Published on 12/06/2012
Public satisfaction with the NHS has dropped by 12% for the first time in 30 years. Experts believe the fall is largely due to the NHS reforms and increased spending cuts.
The King’s Fund think-tank sponsored the questions as part of the British Social Attitudes Survey. The 1,096 respondents were asked ‘how satisfied or dissatisfied’ they were with the way in which the NHS was run.
The poll indicates that patient satisfaction fell by 12% last year, from 58% from 70% in 2010. This is the largest drop since the British Social Attitudes Survey began in 1983.
Satisfaction with individual NHS services also fell: with GPs by 4% to 74%, with inpatient services by 5% to 55%, with outpatient services by 6% to 61%, and with A&E by 7% to 54%.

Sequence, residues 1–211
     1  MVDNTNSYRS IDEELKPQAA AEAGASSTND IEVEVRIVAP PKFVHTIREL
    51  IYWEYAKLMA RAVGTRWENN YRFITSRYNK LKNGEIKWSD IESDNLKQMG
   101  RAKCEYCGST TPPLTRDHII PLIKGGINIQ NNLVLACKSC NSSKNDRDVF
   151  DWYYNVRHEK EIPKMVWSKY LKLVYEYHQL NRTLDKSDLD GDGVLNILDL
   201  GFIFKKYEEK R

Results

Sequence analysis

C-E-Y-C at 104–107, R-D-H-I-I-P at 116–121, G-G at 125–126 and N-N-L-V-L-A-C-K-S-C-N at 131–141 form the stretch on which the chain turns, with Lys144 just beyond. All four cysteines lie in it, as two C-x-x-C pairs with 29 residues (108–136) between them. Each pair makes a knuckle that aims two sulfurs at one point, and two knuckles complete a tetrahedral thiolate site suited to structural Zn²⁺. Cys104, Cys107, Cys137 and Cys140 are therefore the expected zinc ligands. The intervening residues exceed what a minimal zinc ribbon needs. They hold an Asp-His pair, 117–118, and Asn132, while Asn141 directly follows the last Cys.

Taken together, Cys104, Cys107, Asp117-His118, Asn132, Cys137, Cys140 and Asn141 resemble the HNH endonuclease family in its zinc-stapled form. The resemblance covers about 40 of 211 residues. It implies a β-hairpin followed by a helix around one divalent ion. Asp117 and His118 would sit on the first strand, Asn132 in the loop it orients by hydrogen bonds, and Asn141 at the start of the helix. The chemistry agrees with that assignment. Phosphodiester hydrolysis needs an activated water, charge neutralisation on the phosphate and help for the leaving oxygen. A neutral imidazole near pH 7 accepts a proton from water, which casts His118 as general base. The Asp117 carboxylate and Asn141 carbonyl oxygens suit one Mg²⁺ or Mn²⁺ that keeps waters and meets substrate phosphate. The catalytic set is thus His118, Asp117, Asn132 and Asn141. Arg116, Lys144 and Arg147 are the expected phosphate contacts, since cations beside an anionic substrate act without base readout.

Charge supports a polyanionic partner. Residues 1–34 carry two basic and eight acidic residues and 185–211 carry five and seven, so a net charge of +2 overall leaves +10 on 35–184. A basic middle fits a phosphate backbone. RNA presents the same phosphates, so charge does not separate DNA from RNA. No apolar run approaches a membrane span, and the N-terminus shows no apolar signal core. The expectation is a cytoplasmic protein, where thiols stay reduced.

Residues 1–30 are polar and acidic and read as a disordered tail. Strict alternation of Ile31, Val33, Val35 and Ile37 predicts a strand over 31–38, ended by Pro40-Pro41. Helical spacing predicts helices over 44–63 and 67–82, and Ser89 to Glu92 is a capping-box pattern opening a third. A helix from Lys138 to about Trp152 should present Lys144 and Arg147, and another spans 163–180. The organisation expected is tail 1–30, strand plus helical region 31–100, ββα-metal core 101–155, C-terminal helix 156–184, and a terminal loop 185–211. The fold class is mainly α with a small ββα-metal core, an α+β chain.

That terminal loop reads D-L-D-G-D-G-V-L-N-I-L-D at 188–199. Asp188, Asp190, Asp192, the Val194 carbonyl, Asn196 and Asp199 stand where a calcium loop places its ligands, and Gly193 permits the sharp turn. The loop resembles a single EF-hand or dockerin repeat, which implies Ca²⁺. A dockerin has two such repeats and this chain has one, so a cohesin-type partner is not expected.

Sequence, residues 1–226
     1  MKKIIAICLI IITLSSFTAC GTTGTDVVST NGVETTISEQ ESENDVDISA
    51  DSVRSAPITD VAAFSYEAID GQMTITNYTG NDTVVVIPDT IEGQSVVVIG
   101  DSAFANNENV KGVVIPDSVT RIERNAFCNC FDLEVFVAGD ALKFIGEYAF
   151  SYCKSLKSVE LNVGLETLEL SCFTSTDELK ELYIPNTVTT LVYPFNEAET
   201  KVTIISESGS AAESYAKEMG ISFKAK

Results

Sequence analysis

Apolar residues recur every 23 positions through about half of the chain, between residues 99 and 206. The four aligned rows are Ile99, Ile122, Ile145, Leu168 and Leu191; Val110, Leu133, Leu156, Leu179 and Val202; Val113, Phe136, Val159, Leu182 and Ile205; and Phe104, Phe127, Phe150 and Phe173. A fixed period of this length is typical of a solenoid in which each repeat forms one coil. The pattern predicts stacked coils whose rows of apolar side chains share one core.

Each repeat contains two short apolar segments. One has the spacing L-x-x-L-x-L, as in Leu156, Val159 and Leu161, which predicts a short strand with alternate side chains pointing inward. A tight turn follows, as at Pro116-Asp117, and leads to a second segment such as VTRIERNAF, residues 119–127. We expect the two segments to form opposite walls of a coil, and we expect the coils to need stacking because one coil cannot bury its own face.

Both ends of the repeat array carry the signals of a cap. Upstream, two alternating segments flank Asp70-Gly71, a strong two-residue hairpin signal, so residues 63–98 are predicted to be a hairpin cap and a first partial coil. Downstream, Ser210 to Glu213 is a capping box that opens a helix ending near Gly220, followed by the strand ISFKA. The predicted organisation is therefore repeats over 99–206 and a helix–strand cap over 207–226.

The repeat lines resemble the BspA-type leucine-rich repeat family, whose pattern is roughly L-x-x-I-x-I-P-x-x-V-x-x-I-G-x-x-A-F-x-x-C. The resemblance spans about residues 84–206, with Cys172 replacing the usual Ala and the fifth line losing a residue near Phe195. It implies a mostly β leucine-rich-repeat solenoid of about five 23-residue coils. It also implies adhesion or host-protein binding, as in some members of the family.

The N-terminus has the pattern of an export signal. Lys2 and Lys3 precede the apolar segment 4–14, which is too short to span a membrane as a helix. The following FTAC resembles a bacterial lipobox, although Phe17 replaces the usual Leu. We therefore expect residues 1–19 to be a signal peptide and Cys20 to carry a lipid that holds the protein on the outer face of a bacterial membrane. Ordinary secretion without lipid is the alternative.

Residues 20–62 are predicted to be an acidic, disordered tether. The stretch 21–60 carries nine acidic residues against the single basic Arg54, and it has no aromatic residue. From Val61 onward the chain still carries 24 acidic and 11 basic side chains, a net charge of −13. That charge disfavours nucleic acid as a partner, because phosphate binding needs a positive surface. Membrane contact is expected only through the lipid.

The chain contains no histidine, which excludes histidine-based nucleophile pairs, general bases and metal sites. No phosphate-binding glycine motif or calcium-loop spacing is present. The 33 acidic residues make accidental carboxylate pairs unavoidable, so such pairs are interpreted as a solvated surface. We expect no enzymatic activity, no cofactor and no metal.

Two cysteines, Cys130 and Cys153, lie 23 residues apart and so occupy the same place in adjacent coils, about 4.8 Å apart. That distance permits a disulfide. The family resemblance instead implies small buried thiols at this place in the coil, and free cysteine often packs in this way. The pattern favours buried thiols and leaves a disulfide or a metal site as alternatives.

However, with the NHS having performed well in patient experience surveys for healthcare, the Fund believes that NHS reforms and spending cuts are to blame. Professor John Appleby, chief economist at the King's Fund, said:
"It is not surprising this has happened when the NHS is facing a well-publicised spending squeeze."
"Nevertheless, it is something of a shock that it has fallen so significantly.
"This will be a concern to the government given it appears to be closely linked with the debate on its NHS reforms."
This comes after the new president of the Royal College of Paediatrics and Child Health said that up to 1,500 youngsters are dying every year because of faults with children’s health services, which are approaching crisis point. Dr Hilary Cass, who took on the post last month, said the NHS did not compare well with other Western European countries when it came to children’s health.
© ActiveQuote Ltd. 2012Categories: NHS and Hospitals